Skip to main content
Premium Trial:

Request an Annual Quote

New CDC Head Gets High Salary

The new director of the US Centers for Disease Control and Prevention is making nearly twice as much in salary as his predecessor, the New York Times reports.

According to the Times, Robert Redfield, who assumed the top spot at the CDC in March, is being paid $375,000, which is higher than the heads of other federal agencies — including the leaders of the National Institutes of Health and the Food and Drug Administration as well as his boss, the secretary of the Department of Health and Human Services — make and more than the $197,300 the previous CDC director, Brenda Fitzgerald, made. The Times adds that Redfield's salary was granted under a Title 42 provision, which allows officials to be paid more than the standard rate if they provide scientific expertise that would otherwise be unavailable. The Times adds that neither Fitzgerald nor Tom Frieden, the CDC director during the Obama administration, were paid under that provision.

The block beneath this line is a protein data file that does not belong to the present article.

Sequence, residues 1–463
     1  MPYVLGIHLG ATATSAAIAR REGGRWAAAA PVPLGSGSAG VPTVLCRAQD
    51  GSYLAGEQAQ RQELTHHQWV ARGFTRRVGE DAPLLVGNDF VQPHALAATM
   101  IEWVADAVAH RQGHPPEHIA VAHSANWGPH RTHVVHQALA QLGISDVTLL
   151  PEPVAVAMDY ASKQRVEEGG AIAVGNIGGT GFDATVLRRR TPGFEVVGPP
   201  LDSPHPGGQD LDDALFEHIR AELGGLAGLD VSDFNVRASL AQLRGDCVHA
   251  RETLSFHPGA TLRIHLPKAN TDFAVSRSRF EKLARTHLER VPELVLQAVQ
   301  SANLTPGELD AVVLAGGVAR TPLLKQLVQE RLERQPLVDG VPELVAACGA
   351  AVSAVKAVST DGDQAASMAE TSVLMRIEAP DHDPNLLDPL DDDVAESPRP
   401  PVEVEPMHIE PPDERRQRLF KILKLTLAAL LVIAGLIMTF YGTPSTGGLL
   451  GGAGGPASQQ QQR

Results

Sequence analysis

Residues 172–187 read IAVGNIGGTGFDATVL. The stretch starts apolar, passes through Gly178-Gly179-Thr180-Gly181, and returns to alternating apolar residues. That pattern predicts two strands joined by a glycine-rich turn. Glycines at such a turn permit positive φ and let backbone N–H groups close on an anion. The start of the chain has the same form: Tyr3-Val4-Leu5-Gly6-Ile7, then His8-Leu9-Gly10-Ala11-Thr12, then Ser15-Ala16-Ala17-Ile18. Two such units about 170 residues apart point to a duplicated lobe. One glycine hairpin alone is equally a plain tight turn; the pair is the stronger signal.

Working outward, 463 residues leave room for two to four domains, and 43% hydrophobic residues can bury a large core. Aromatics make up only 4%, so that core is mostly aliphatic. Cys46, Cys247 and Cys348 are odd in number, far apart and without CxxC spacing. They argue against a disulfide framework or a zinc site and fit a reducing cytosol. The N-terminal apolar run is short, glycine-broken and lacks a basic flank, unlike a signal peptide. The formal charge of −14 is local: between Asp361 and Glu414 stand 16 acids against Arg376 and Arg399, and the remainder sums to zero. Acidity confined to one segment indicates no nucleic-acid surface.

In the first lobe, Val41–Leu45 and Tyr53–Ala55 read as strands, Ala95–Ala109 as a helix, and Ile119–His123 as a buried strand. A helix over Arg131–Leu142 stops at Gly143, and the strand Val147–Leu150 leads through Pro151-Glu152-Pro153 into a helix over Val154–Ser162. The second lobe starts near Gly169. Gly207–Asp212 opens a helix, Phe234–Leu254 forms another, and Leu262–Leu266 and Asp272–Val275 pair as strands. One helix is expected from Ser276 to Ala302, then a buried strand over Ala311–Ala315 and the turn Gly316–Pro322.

"It is difficult to understand why someone with limited public health experience, particularly in a leadership role, is being disproportionately compensated for his work," Senator Patty Murray (D-Wash.) wrote in a letter to HHS Secretary Alex Azar.

An HHS spokesperson tells the Times that "Redfield has over 30 years of experience as a groundbreaking scientist, academic researcher and clinician who has been a global leader in the fight against one of the most devastating diseases of our time — HIV/AIDS."

The Scan

Foxtail Millet Pangenome, Graph-Based Reference Genome

Researchers in Nature Genetics described their generation of a foxtail millet pangenome, which they say can help in crop trait improvement.

Protein Length Distribution Consistent Across Species

An analysis in Genome Biology compares the lengths of proteins across more than 2,300 species, finding similar length distributions.

Novel Genetic Loci Linked to Insulin Resistance in New Study

A team reports in Nature Genetics that it used glucose challenge test data to home in on candidate genes involved in GLUT4 expression or trafficking.

RNA Editing in Octopuses Seems to Help Acclimation to Shifts in Water Temperature

A paper in Cell reports that octopuses use RNA editing to help them adjust to different water temperatures.